Tuesday, January 10, 2012

The Job

2011 was a big change for me in the career front.  Well the change was really only for the last two months but changing jobs was a big deal. For the last 9.5 years I have been working at Northwestern Mutual in essentially 3 different roles.  The first 3 years I worked in Enterprise Business Intelligence designing large enterprise data warehouses and reporting databases.  The next 3 years I spent reverse engineering, re-engineering and improving an enterprise content management system consisting of a diverse mix of technology making it intricate and almost exciting.  The last 3.5 years I spent as an application architect/application engineer working on various projects from batch run web services, and a number of Websphere applications.

Although those last 3.5 years started out promising with interesting web apps to create with a good amount of autonomy and even a touch of cutting edge that was quickly derailed when the economy tanked.  NML froze most every new project I was to be working on.  As a way to preserve local employees, they sent a few hundred contractors back to India and diverted resources such as myself, who had no projects to work on anymore, to fill the gaps left by departed contractors.  This started a 2.5 year slide into software development doldrums.  I got some roles that were not a great fit for an Application Architect and subsequently lost a lot of interest in the field.  For a while there, I would have taken a job at Walmart and been happier.  Add on all the new direction for IS, the little box I was relegated to with the use of "Career Frameworks" and the heavy move to what I guess adds up to any standard big company process driven overhead BS, and I just was dying inside.
So after years of being hidden away and never having a thought of looking for another job, a former acquaintance hooked me up with a company looking for a .NET Web Solutions Architect.  It sounded great but I had one phone interview and hadn't heard anything for a while.  The thought that I could look elsewhere did fuel my interest in checking out the job market and seeing what was out there.  Well in the realm of technology there is not a job shortage.  I put a resume out there and I was getting calls daily for contracting positions in various technologies.  I applied for a few permanent positions at the behest of various headhunters and had some phone interviews for a few of them.  This was handy because I was going to be picky and I didn't want to settle plus I needed the interview practice.  I found that often the job as initially presented is not what the job really is.  The position at Kohls was just NM but even more limited in scope. The position at Heiler, although work from home and well-paying,  really was nothing than a road warrior java coder. The position at nVisia seemed decent but I was interviewed by the Java guy for a .Net position.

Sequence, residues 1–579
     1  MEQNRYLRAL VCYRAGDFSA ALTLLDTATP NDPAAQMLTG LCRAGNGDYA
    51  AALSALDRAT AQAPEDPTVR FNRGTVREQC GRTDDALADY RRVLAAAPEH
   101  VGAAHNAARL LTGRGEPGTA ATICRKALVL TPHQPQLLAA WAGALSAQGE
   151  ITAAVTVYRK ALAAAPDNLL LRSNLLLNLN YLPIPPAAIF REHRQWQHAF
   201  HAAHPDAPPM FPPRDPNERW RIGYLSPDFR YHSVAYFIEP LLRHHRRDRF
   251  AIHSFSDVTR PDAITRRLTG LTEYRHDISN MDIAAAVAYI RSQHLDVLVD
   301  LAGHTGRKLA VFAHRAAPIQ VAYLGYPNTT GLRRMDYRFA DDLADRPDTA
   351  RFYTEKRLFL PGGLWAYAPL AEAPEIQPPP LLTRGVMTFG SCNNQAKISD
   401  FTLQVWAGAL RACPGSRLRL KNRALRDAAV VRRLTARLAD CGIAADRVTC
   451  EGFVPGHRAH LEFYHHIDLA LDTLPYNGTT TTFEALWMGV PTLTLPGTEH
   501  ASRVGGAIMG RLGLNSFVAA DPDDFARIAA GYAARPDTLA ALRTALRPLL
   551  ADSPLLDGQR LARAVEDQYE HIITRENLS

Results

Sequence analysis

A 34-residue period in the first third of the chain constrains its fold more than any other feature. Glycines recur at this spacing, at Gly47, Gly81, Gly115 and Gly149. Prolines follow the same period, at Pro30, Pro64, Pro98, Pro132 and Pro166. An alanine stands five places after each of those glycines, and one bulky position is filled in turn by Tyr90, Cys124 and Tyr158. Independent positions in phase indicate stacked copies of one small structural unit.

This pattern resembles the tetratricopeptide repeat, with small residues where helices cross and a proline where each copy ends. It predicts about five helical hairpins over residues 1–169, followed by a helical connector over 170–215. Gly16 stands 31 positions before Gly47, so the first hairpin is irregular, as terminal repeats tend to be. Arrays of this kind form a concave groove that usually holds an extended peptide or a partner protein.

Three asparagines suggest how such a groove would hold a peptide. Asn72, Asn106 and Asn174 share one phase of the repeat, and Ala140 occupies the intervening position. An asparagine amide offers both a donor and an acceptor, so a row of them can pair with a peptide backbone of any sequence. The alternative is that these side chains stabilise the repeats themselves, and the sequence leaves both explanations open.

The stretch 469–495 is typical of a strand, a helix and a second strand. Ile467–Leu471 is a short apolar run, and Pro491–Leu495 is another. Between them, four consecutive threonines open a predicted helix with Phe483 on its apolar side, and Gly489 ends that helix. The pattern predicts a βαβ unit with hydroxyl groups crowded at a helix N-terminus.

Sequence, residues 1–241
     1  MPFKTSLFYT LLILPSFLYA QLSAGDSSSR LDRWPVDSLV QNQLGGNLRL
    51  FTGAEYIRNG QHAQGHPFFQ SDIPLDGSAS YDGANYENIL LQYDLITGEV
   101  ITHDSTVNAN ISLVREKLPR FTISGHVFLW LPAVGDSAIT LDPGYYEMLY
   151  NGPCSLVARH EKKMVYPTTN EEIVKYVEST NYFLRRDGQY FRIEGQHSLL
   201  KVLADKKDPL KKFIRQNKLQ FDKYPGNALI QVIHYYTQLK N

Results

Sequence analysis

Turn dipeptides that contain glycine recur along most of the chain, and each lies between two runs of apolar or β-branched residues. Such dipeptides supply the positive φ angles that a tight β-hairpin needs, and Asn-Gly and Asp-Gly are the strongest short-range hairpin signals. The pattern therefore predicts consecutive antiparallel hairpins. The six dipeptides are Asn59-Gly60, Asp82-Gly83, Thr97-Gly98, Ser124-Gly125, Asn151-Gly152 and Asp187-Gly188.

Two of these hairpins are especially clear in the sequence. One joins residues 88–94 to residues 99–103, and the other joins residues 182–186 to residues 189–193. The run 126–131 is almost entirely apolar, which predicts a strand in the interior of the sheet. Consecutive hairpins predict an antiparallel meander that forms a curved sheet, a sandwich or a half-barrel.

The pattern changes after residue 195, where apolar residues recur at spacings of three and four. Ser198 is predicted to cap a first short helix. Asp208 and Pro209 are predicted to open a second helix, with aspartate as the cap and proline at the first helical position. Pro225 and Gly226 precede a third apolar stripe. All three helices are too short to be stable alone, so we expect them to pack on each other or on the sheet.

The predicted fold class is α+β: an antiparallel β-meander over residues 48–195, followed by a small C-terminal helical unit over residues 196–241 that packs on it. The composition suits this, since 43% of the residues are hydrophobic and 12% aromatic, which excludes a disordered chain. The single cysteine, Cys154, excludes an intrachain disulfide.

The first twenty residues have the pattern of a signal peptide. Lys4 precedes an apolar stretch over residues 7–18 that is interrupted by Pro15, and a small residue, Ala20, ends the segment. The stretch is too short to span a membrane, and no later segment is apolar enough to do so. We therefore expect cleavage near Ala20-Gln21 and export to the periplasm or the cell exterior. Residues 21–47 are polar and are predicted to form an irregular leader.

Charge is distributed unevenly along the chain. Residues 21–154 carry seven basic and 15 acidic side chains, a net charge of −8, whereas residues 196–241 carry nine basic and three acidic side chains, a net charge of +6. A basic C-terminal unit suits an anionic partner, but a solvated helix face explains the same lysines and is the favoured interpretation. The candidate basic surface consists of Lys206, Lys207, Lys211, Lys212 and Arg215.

In any case, the first position I interviewed for called back and we arranged several more interviews and after another long wait I finally got the call while I was out in Washington DC for the Marine Corps Marathon.  In getting to know this company, I realized it was exactly what I was looking for and that I would be able to yank my career right back to where I had wanted it to be in the first place.  I now have an architect position,  I am free from most corporate BS.  I am rated on my ability to deliver on scope schedule and cost and I have the decision making authority to make the call and it...it just happens.  It still blows me away after two months.  It shows the level of how entrenched I was becoming that it is like a new miracle every day that what I do directly impacts a project or that I can just make the call and it is acted upon.  Such a great relief.

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